President of Latvia

Speech made to the Assembly

Tuesday, 23 January 2001

I am truly pleased to have this special opportunity to address you today. For the first time in the history of the Council of Europe, my country has assumed the chairmanship of the Committee of Ministers. That is a responsibility and an honour that Latvia is happy to assume as we welcome the opportunity to become more actively involved in European affairs.

I express my heartfelt congratulations to Armenia and Azerbaijan, which will become full members of the Council of Europe later this week. I have no doubt that membership of this Organisation will help to strengthen democracy, human rights and the rule of law in those two new member states.

The accession of Armenia and Azerbaijan attests to the progress that they have made on their commitments to the high human rights standards of the Council of Europe. Those standards must be applied in the same manner to all the Council’s member states if the moral and political credibility of this Organisation is not to suffer.

The Council of Europe has a proven record of fairness and objectivity, for which Latvia has had occasion to be grateful. More than forty years ago, in 1960, the Parliamentary Assembly expressed, in a resolution, its opposition to the forcible occupation of the Baltic states by the Soviet Union. I am very pleased that the Parliamentary Assembly decided earlier this morning to terminate its monitoring procedure on Latvia’s compliance with the commitments that we made on joining this Organisation. Thank you for that. It is evident that the Council of Europe must continue to defend fundamental democratic values throughout the European continent, whenever and wherever the need arises.

The Council of Europe is the only pan-European organisation that serves to assess the democratic maturity of its members, including all European Union candidate countries, EU member countries and others. This Organisation offers a democratic forum for a vast region stretching from the western shores of Europe all the way to the Caucasus. Through the promotion of open dialogue, the Council of Europe has worked towards achieving its main objectives, which are to ensure the protection and promotion of democracy, respect for human rights and the primacy of the rule of law among its member states.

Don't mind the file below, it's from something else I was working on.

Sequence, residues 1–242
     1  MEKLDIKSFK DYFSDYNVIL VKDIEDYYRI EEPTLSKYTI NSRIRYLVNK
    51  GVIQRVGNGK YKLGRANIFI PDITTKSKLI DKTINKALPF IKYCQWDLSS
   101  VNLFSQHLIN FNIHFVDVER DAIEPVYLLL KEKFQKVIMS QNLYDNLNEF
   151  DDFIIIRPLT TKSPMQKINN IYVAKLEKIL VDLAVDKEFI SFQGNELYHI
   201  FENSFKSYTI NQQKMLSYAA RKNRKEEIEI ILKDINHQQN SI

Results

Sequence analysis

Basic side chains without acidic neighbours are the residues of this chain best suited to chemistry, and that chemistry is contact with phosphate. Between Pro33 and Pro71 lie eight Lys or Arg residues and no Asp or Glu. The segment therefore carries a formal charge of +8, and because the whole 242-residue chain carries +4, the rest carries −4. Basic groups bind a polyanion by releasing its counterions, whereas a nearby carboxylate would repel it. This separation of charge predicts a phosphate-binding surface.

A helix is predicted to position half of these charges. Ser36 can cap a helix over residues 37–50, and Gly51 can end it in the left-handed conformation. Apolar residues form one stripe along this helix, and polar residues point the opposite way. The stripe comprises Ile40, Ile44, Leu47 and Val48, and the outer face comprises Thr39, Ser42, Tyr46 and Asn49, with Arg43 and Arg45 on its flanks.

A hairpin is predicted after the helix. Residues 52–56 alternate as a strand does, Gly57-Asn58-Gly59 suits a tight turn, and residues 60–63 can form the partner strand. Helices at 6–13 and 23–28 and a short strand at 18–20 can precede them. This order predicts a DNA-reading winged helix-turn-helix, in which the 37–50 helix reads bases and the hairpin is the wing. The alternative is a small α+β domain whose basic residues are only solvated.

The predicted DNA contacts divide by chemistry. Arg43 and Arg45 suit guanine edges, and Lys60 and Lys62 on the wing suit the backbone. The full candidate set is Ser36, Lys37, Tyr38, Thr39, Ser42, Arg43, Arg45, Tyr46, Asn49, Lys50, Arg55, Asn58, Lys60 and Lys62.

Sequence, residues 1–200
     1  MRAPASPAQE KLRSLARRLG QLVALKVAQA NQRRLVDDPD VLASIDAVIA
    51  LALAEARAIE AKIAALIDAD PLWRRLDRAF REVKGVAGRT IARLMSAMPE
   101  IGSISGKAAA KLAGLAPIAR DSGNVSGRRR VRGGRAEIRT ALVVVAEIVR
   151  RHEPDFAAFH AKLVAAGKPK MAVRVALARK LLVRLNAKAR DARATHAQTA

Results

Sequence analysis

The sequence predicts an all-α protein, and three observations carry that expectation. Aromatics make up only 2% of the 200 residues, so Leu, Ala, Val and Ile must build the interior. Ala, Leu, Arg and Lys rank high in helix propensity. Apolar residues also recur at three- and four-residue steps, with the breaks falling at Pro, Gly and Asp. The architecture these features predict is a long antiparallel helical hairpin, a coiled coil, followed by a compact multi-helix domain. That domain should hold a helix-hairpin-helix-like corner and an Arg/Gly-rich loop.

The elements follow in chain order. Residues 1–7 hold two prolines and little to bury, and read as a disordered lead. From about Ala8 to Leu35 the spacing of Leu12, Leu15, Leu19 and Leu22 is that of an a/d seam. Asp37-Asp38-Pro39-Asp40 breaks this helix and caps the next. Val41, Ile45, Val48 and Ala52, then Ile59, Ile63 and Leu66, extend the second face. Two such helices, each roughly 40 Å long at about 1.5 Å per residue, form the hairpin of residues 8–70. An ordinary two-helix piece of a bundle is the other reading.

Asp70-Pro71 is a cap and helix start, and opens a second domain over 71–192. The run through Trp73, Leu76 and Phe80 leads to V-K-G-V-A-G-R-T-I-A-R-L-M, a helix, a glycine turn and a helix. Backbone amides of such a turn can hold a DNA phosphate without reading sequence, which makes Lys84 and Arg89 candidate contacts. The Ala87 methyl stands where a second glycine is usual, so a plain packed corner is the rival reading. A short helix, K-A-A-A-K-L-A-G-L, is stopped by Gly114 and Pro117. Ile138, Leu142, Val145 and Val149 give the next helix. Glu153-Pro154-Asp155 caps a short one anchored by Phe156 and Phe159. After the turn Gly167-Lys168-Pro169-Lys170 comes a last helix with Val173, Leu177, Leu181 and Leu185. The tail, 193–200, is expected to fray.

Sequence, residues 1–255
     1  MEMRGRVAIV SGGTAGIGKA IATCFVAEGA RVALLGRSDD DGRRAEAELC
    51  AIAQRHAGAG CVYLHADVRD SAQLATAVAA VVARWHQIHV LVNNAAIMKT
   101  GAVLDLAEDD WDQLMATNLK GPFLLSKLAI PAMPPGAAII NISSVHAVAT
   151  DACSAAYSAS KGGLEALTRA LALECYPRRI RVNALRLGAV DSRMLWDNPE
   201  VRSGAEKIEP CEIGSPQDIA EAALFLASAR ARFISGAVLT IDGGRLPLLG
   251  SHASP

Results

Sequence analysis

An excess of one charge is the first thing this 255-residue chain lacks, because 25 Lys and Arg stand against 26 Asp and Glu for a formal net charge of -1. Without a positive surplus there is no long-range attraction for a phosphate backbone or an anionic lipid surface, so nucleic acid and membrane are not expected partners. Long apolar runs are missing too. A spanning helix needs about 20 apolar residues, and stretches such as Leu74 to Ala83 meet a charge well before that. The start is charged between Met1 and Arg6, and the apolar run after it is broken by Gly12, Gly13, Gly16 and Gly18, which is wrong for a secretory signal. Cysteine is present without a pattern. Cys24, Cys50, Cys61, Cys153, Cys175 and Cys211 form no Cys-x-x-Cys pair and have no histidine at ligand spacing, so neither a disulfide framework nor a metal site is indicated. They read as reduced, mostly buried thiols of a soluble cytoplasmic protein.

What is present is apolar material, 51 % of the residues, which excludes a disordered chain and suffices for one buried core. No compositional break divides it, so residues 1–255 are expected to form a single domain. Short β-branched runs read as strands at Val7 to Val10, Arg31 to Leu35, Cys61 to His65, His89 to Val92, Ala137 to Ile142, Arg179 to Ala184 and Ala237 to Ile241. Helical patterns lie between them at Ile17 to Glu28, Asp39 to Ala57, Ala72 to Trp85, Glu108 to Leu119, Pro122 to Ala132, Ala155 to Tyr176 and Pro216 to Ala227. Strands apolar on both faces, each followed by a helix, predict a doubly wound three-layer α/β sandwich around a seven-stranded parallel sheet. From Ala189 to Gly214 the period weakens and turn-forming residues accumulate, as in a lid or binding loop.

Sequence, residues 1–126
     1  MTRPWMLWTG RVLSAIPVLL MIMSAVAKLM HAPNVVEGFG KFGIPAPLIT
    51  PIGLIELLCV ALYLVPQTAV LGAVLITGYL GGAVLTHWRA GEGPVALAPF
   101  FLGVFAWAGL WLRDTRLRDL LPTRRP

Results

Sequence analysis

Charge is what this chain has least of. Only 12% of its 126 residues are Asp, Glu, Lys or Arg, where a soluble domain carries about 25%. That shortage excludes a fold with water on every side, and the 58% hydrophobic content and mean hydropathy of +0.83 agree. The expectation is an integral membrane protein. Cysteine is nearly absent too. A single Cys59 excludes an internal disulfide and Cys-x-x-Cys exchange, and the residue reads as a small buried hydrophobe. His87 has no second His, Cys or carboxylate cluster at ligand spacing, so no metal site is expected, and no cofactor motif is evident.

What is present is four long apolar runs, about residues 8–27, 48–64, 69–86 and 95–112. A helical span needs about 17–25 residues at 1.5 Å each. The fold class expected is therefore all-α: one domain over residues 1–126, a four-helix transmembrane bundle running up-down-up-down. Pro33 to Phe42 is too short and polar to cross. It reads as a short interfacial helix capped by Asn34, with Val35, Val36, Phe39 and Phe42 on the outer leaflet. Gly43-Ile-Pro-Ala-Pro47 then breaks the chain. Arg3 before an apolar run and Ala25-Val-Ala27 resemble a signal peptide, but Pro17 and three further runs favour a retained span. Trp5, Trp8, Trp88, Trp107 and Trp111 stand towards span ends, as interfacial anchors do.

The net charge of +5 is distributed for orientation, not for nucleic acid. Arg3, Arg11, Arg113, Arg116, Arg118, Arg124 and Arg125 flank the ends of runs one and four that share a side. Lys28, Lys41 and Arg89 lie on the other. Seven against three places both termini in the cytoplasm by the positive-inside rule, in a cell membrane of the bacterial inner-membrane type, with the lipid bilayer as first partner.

In assuming the chairmanship of the Council’s Committee of Ministers, Latvia wishes to maintain continuity in the current priorities and activities of the Council of Europe. Those include: ensuring the continued effectiveness of the European Convention on Human Rights; reinforcing the political role of the Council of Europe; emphasising the standard-setting role of the Council of Europe in member states and applicant countries; highlighting the contribution of the Council of Europe to issues of cultural identity; and increasing the effectiveness of the Council of Europe as an organisation. We are confident that close co-operation with the upcoming presidencies of Liechtenstein, Lithuania and Luxembourg, will ensure attention to those priorities in the longer-term perspective.

Linguistic diversity is one of Europe’s greatest strengths, and that will become increasingly evident with the forthcoming enlargement of European institutions. Therefore, it is most appropriate, timely and symbolic that the Council of Europe and the European Union should have joined forces to organise the European Year of Languages. I would like to quote the introductory words of Walter Schwimmer, Secretary General of the Council of Europe, and Viviane Reding, the European Commissioner for Education and Culture, when they launched the European Year of Languages: “Everyone in Europe should have the opportunity, throughout their lifetime, to learn languages. Everybody deserves the right to benefit from the cultural and economic advantages that language skills can bring. Learning languages also helps to develop tolerance and understanding between people from different cultural and linguistic backgrounds.”

As a country whose national language is spoken by only about 2 million people worldwide, Latvia also wishes to contribute to the protection and promotion of Europe’s smaller languages in this, the European Year of Languages. In April, Riga will host a conference on minority languages, which will be Latvia’s main contribution to marking the European Year of Languages. My thanks go to the Council of Europe for its active involvement in that conference, at which linguists, politicians, and representatives of governmental and nongovernmental organisations will be invited to participate.

Given that Latvia has been home to a multicultural society for several centuries, and given Latvia’s unique and advantageous geographical position at the crossroads between East and West, most Latvians speak at least one foreign language.